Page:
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Andrew Vigil

Written by Ruth Price


“We were Westsiders,” Andrew Vigil says about his childhood neighborhood. Growing up west of the Chaffee County courthouse in the 1950’s he remembers dirt streets, old barns, clod fights at the nearby sand dunes, and close-knit families from diverse cultures. Andy quickly learned to cuss in Italian, Greek, and Spanish. A smile lights his face as he also remembers ethnic treats exchanged at Christmas. There were some rough-looking guys about, but no one ever messed with him. His Aunts’ boyfriends provided protection.


His paternal grandfather passed away when Andy’s dad Anthony was about 12. To help support the family, Anthony, and his brother rose every morning at 3:00, even in winter, and walked to County Road 107 to “Fern Cowan’s place” to milk cows. After school, they returned to work, later walking back home in the dark. All for about $.50 a day.


His dad’s mother raised five kids on a Railroad Pension of $25 a month. Yet she managed to save a dime or nickel for movies. On their way to the theatre, the kids first went to the “Candy Kitchen.”  Behind the building sat barrels that had been used for making the sweets. The kids found sticks and made suckers out of the chocolate and marshmallow remains.


In the 1960’s Andy’s mother Virginia prayed to Saint Joseph for a new house. Her prayers were answered when they moved into their home on F Street. With so many kids in the new neighborhood, Andy didn’t mind leaving the Westside.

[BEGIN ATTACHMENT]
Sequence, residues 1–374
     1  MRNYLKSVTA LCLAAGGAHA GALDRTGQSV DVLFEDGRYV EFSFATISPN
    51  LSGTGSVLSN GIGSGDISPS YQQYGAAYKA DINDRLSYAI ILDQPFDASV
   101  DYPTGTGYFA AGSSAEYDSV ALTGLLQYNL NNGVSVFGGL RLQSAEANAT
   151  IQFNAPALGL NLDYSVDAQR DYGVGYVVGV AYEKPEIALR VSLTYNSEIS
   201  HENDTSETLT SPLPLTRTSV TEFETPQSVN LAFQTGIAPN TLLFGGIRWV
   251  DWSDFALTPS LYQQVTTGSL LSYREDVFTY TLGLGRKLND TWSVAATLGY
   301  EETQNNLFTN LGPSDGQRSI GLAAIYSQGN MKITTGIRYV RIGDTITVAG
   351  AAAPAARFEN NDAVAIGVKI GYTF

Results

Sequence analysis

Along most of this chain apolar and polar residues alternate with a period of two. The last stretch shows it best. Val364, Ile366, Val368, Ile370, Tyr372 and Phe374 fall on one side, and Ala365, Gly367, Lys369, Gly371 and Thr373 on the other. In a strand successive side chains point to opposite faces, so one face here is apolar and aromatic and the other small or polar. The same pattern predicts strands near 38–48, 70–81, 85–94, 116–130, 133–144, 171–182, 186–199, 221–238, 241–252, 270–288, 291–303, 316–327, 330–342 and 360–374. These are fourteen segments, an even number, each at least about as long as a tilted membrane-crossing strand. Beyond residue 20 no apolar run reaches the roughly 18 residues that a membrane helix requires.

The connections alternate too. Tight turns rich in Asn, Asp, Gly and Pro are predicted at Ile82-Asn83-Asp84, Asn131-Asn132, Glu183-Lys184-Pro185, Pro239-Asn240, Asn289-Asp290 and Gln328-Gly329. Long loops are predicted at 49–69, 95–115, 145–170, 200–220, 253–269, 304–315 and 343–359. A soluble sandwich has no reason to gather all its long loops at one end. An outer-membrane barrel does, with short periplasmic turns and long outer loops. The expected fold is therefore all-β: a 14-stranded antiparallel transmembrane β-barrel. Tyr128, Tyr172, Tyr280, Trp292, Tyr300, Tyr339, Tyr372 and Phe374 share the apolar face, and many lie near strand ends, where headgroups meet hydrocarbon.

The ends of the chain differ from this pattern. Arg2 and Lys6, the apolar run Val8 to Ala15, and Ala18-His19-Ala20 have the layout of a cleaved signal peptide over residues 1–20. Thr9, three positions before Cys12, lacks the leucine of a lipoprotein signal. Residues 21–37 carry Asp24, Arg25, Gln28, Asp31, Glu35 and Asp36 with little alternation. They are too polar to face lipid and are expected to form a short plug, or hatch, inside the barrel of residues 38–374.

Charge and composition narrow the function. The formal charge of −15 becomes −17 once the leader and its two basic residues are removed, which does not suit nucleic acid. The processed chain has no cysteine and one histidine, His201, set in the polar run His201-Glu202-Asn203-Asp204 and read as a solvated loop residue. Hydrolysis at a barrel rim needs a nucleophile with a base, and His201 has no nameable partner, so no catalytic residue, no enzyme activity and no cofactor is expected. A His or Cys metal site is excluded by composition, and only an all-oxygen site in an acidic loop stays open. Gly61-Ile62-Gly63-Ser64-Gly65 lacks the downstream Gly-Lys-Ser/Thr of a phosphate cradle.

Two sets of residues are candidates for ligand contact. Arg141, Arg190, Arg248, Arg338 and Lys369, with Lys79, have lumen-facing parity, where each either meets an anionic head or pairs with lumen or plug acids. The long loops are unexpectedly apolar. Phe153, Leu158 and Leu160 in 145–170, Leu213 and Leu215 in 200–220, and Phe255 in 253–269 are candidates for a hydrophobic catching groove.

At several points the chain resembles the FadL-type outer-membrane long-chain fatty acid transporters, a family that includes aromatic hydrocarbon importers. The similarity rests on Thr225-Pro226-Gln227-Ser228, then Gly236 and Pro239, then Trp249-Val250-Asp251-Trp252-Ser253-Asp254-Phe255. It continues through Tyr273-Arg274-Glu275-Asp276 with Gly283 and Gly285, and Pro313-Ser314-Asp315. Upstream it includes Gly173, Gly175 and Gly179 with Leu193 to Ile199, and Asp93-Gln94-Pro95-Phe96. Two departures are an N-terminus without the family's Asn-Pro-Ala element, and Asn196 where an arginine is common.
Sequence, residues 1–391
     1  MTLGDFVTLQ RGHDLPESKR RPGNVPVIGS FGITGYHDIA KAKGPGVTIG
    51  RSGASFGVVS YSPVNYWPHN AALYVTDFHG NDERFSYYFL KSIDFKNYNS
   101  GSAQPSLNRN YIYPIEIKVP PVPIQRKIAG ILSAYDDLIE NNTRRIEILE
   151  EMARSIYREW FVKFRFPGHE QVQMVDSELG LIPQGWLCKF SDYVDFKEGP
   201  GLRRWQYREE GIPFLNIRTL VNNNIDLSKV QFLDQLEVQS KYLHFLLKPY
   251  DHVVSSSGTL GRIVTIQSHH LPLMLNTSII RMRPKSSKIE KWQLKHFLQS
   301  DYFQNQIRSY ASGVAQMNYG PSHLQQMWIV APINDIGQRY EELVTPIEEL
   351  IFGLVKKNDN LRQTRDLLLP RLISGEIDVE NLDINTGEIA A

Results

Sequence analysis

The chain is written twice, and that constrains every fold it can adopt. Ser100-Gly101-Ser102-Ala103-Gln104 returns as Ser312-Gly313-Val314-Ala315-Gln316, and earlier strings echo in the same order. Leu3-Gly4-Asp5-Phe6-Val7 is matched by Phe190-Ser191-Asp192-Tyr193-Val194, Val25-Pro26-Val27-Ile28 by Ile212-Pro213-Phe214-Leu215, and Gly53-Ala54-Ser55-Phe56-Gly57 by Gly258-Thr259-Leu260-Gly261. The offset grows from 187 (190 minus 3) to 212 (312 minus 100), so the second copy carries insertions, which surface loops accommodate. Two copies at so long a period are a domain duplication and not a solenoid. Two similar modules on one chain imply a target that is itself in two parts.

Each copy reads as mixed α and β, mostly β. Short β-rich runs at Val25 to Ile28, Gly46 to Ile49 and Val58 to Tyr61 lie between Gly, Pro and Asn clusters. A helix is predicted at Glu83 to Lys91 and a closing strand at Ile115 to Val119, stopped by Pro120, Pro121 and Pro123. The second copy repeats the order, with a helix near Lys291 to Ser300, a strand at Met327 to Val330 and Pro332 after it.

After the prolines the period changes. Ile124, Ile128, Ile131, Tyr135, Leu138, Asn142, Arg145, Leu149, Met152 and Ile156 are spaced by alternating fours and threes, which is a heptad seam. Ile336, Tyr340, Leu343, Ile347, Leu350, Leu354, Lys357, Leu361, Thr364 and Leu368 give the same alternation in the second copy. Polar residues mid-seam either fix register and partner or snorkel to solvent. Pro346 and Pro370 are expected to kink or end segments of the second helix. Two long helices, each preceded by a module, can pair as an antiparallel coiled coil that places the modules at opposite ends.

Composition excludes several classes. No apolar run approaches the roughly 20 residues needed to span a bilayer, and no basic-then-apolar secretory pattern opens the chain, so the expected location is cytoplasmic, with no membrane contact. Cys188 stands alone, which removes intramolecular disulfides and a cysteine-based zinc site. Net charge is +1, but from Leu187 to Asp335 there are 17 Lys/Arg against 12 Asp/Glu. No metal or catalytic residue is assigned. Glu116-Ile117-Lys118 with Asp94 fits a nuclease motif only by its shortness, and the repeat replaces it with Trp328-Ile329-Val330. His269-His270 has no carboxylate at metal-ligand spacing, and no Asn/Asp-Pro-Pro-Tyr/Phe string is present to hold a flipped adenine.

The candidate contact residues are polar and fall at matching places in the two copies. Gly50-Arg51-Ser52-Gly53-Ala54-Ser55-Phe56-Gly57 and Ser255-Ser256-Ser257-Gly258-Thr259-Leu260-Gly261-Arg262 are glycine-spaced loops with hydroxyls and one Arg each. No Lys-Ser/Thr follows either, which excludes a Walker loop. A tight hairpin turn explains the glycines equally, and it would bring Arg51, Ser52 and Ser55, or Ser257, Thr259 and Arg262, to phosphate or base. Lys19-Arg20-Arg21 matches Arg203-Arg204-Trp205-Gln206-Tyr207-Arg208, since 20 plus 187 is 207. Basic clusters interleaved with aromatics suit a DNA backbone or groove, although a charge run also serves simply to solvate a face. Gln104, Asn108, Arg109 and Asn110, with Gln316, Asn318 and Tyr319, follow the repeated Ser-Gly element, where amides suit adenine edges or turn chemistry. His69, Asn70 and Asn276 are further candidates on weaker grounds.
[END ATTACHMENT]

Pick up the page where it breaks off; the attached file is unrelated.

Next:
Andy has witnessed many changes come to Salida. He embraces them with grace but misses things like going up Methodist Mountain and hunting deer or rabbits. Where he once killed a deer, a trash can stands. The “Mayberryish” town he knew is gone.


After the railroads and mining stopped providing livable wages people left for the front range. “You had to go,” Andy says as he taps the table. “If people stayed in Salida and worked for local wages unless they had two jobs or got into a good position, they couldn’t save anything. I was lucky. I did some appraisals and got a real estate license and became a broker.”


In the midst of change, one thing remains the same – complaints. “I heard someone the other day say the same thing I heard growing up, ‘Salida’s not the same.’ All these outsiders come in and first thing they want to do is change the town back to where it was where they came from. Now those same people are saying ‘Godammit those new people coming in are changing the town.’”

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